Blog Archives

More fun with %.% and %>%

March 27, 2014
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More fun with %.% and %>%

The %.% operator in dplyr allows one to put functions together without lots of nested parentheses. The flanking percent signs are R’s way of denoting infix operators; you might have used %in% which corresponds to the match function or %*% which is matrix multiplication. The %.% operator is also called chain, and what it does

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Using R: quickly calculating summary statistics (with dplyr)

March 26, 2014
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Using R: quickly calculating summary statistics (with dplyr)

I know I’m on about Hadley Wickham‘s packages a lot. I’m not the president of his fanclub, but if there is one I’d certainly like to be a member. dplyr is going to be a new and improved ddply: a package that applies functions to, and does other things to, data frames. It is also

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Using R: quickly calculating summary statistics from a data frame

March 25, 2014
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Using R: quickly calculating summary statistics from a data frame

A colleague asked: I have a lot of data in a table and I’d like to pull out some summary statistics for different subgroups. Can R do this for me quickly? Yes, there are several pretty convenient ways. I wrote about this in the recent post on the barplot, but as this is an important

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Using R: barplot with ggplot2

March 19, 2014
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Using R: barplot with ggplot2

Ah, the barplot. Loved by some, hated by some, the first graph you’re likely to make in your favourite office spreadsheet software, but a rather tricky one to pull off in R. Or, that depends. If you just need a barplot that displays the value of each data point as a bar — which is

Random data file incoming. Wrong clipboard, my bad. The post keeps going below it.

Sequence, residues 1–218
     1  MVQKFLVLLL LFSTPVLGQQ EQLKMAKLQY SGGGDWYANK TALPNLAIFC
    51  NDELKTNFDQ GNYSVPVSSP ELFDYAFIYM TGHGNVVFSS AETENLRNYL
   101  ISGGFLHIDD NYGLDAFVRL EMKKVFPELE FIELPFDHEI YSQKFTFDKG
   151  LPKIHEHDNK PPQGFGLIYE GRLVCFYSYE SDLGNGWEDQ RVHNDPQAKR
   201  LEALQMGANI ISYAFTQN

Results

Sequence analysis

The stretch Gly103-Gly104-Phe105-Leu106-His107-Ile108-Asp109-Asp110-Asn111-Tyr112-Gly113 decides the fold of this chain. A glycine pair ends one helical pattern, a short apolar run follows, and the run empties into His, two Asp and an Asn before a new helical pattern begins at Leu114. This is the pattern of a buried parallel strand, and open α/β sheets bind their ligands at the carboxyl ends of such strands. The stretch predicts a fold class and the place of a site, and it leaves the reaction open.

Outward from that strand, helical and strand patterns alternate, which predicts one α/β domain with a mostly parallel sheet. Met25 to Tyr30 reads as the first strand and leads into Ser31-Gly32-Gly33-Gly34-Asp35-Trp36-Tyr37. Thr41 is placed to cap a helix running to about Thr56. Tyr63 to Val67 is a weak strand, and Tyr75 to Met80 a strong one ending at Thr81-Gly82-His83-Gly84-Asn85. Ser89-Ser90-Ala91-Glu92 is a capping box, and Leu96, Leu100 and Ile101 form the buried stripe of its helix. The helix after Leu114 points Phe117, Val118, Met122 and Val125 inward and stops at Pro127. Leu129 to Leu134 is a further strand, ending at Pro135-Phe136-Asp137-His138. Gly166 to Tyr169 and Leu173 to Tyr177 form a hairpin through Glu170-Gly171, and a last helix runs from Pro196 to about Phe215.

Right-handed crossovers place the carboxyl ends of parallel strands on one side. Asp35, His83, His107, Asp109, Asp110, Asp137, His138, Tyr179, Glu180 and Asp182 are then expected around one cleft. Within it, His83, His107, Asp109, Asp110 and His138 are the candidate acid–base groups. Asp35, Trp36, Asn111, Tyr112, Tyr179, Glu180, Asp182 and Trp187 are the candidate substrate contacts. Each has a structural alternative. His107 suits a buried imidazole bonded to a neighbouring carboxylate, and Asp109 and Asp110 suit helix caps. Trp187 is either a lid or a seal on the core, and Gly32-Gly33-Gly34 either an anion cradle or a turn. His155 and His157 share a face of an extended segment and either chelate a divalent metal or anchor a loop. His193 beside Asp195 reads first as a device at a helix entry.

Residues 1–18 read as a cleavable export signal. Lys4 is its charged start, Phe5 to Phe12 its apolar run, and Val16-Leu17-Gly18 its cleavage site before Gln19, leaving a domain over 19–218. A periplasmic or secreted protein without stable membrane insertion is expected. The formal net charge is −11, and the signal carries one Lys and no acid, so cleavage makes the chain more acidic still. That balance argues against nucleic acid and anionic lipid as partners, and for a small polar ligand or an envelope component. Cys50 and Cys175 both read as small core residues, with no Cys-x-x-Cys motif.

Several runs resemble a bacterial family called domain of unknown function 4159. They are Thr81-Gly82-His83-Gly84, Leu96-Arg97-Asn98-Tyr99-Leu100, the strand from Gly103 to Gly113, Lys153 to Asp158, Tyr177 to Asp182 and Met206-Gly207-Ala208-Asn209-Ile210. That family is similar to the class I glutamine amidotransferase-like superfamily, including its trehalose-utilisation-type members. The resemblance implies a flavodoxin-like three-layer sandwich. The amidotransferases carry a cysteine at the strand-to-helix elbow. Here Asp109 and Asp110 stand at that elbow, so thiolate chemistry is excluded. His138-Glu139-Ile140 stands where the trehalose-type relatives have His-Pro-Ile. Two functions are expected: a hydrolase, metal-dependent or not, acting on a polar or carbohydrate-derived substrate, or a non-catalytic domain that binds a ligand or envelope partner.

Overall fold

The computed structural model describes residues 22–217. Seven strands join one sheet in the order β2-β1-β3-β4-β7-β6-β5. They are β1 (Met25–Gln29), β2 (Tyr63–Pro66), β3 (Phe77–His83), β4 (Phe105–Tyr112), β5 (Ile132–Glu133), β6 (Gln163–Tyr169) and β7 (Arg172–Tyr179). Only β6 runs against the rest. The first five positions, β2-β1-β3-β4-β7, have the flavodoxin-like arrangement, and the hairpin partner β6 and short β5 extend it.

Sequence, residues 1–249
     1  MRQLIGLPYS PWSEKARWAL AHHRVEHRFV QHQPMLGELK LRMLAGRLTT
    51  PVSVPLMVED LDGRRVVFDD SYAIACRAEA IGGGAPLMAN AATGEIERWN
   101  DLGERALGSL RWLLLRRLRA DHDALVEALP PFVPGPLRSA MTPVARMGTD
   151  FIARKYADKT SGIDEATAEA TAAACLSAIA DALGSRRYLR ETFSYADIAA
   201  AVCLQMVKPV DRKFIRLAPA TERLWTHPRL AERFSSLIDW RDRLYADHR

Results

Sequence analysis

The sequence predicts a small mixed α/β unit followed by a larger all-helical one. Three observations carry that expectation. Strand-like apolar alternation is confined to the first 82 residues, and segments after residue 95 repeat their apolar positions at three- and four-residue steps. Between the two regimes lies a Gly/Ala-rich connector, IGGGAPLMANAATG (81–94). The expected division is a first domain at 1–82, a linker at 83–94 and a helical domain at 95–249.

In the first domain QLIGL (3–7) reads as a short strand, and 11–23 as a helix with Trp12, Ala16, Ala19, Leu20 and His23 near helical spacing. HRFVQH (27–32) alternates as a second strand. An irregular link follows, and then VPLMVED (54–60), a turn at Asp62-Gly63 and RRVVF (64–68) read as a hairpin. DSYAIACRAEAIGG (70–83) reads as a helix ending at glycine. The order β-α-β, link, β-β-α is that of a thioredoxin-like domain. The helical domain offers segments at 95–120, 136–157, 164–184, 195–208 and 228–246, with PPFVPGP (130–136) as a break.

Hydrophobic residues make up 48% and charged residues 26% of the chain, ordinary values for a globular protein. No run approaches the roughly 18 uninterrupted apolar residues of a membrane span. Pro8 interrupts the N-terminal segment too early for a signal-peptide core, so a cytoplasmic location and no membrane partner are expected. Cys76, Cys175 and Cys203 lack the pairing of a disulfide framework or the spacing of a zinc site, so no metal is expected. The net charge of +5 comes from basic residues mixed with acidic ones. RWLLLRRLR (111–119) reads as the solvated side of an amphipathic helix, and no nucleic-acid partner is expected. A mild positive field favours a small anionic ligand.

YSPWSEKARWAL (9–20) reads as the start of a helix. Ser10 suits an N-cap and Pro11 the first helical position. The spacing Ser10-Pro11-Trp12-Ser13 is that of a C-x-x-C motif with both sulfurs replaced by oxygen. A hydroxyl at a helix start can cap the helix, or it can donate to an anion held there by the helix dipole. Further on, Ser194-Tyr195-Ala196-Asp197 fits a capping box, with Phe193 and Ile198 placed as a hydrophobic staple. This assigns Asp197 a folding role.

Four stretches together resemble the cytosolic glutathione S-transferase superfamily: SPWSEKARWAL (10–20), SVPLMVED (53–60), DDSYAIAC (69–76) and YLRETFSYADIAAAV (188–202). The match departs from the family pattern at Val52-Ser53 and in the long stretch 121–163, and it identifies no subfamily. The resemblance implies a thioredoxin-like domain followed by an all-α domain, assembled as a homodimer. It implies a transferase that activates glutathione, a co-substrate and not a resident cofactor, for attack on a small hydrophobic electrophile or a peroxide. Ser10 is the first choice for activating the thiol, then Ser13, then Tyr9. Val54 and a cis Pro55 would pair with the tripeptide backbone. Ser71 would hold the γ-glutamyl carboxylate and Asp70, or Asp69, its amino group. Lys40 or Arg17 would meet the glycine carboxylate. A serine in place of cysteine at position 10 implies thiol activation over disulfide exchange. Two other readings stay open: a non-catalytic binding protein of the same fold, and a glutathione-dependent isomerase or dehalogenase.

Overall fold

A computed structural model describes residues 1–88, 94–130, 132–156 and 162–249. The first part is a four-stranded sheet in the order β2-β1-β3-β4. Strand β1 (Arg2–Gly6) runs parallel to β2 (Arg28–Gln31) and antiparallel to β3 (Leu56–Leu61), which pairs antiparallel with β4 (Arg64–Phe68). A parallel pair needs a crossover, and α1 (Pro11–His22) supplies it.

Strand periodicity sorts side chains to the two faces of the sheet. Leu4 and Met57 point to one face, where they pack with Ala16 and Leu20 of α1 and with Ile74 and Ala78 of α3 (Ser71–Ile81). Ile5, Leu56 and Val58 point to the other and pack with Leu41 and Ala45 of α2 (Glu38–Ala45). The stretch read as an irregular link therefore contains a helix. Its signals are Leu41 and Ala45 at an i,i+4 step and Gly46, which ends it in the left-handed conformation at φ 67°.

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Morning coffee: scripting language

March 13, 2014
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Morning coffee: scripting language

Several people have asked: what scripting language should biologists learn if they are interested in doing a little larger-scale data analysis and have never programmed before? I’m not an expert, but these are the kinds of things I tend to say: The language is not so important; the same principles apply everywhere. Use what your

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Using R: common errors in table import

March 6, 2014
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Using R: common errors in table import

I’ve written before about importing tabular text files into R, and here comes some more. This is because I believe (firmly) that importing data is the major challenge for beginners who want to analyse their data in R. What is the most important thing about using any statistics software? To get your data into it

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Using R: correlation heatmap, take 2

March 3, 2014
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Using R: correlation heatmap, take 2

Apparently, this turned out to be my most popular post ever.  Of course there are lots of things to say about the heatmap (or quilt, tile, guilt plot etc), but what I wrote was literally just a quick celebratory post to commemorate that I’d finally grasped how to combine reshape2 and ggplot2 to quickly make

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Books and lessons about ggplot2

February 19, 2014
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Books and lessons about ggplot2

I recently got an email from a person at Packt publishing, who suggested I write a book for them about ggplot2. My answer, which is perfectly true, is that I don’t have the time, nor the expertise to do that. What I didn’t say is that 1) a quick web search suggests that Packt doesn’t

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Fall is the data analysis season

December 7, 2013
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Fall is the data analysis season

Dear diary, I spent a lot of my summer in the lab, and my fall has been mostly data analysis, with a little writing and a couple of courses thrown in there. Data analysis means writing code, and nowadays I do most of my work with the help of R. R has even replaced python

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Using R: Coloured sizeplot with ggplot2

November 17, 2013
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Using R: Coloured sizeplot with ggplot2

Someone asked about this and I though the solution with ggplot2 was pretty neat. Imagine that you have a scatterplot with some points in the exact same coordinates, and to reduce overplotting you want to have the size of the dot indicating the number of data points that fall on it. At the same time

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